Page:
22 July 2017
0–1
6 April 2018
3–2
5 May 2018
0–0
2018–19 19 August 2018
1–0
6 December 2018
1–1
Bulgarian Cup
2012–13 Round of 16 31 October 2012
1–2
24 November 2012
0–1
2017–18 Quarter-final 14 December 2017
2–1 (aet)
2018–19 Quarter-final 3 April 2019

Levski Sofia[edit]

As of 10 March 2019

Competition Played Ludogorets Draws Levski
First League 24 15 5 4
Bulgarian Cup 2 0 1 1
Total 26 15 6 5

Dates are in dd/mm/yyyy form.

  Ludogorets win   Draw   Levski win

Ludogorets vs Levski Levski vs Ludogorets
League
Season
Division / Round
Date
Score
Date
Score
2011–12 A PFG 25 September 2011
2–1
2 April 2012
0–1
2012–13 18 November 2012
2–1
2 April 2012
1–0
2013–14 7 December 2013
0–1
15 September 2013
0–2
9 April 2014
2–0
11 May 2014
2–3
2014–15 8 March 2015
1–0
27 September 2014
3–2
2015–16 1 August 2015
2–0
18 October 2015
1–1
21 February 2016
2–1
23 April 2016
0–0
2016–17 First League 30 November 2016
2–1
13 August 2016
1–0
14 April 2017
0–0
16 May 2017
1–3
2017–18 29 October 2017
2–0
6 September 2017
0–0
12 May 2018
2–2
14 April 2018
0–1
2018–19 20 October 2018
2–1
9 March 2019
0–2
Bulgarian Cup
2014–15 Semi-final 8 April 2015
0–0
29 April 2015
1–0

Notable players[edit]

Had international caps for their respective countries, or held any club record. Players whose name is listed in bold represented their countries while playing for Ludogorets.

Supporters[edit]

The ultras of Ludogorets Razgrad are mainly organized under the group of "Green Front". A female supporters club was also established bearing the name "Green Ladies". Ludogorets has national fan clubs in Razgrad and Sofia, while other smaller fan clubs are also organised nationwide in Varna, Ruse, Sandanski and Popovo.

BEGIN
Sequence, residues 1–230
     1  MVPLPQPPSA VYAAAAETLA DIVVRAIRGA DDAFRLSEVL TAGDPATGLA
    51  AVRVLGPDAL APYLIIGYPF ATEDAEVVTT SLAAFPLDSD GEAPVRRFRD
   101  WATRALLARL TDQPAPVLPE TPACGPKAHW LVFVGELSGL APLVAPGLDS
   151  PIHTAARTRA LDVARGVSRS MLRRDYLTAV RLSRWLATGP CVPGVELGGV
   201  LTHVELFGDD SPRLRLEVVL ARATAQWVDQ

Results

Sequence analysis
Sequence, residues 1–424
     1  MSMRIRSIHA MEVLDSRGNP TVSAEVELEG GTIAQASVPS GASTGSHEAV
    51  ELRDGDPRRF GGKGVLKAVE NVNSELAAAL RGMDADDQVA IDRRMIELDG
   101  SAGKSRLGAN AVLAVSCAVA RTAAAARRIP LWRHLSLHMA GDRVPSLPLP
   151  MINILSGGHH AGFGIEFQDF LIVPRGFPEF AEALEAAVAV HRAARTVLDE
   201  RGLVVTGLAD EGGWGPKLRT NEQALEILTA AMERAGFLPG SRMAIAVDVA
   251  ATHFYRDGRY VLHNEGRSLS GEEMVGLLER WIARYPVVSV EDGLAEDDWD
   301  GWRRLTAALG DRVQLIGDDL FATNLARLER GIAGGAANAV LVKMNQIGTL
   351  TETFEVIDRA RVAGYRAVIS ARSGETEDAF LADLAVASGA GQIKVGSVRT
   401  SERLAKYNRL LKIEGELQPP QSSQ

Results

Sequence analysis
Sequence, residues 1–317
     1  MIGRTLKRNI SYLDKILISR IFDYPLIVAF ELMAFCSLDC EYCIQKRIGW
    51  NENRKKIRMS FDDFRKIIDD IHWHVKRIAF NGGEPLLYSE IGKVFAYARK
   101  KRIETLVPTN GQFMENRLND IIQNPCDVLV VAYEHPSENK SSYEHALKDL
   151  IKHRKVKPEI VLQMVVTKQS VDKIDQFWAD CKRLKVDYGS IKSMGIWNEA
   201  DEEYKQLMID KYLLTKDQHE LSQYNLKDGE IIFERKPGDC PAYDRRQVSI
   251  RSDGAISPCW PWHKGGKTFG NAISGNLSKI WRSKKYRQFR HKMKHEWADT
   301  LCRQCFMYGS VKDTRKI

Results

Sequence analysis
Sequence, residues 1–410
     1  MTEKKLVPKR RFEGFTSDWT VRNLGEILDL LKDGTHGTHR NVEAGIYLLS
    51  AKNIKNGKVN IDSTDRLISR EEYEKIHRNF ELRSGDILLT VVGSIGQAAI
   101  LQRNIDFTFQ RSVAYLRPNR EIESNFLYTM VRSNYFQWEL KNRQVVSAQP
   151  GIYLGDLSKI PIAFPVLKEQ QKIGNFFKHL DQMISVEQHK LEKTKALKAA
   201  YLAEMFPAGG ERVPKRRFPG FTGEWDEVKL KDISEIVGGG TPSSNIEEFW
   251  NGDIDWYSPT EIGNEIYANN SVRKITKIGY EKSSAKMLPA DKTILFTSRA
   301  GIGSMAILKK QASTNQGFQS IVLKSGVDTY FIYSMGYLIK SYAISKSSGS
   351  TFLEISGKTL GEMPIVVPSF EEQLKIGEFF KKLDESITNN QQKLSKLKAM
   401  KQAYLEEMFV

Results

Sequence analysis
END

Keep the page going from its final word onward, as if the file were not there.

Personnel[edit]

Board of directors[edit]

Position Name Nationality
Owner Kiril Domuschiev Bulgaria
President Alexander Alexandrov Bulgaria
Chairman of the board of directors Temenuga Gazdova Bulgaria
Managing Director Angel Petrichev Bulgaria
Youth Academy Director Valentin Stanchev Bulgaria
Sports Director Georgi Karamandzhukov Bulgaria
Marketing Director Anna Pencheva Bulgaria

Current technical body[edit]

Position Name Nationality
Team Manager Nikolay Kirchev Bulgaria
Chief Scout Yakov Paparkov Bulgaria
Scout Ivan Tsvetkov Bulgaria
Head Coach Stoycho Stoev Bulgaria
Assistant Coach Bruno Pivetti Brazil
Goalkeeper coach Zdravko Zdravkov Bulgaria
Ludogorets II Coach Radoslav Zdravkov Bulgaria
U19 Coach Yuri Vasev Bulgaria
U17 Coach Petar Penchev Bulgaria
U16 Coach Hristo Gospodinov Bulgaria
U15 Coach Radoslav Komitov Bulgaria
U14 Coach Rosen Marinov Bulgaria
Data Analyst Lucas Oliveira Brazil
Conditioning Coach Ian Coll Scotland
Conditioning Coach Ivan-Rafael Diaz Spain
Physiotherapist Atanas Dichev Bulgaria
Physiotherapist Marco Alves Portugal
Physiotherapist Iulian Mircea Romania
Doctor Viktor Velikov Bulgaria
Administrator Plamen Yordanov Bulgaria
Translation Stela Simeonova Bulgaria
Translation Viktor Cvetanov Bulgaria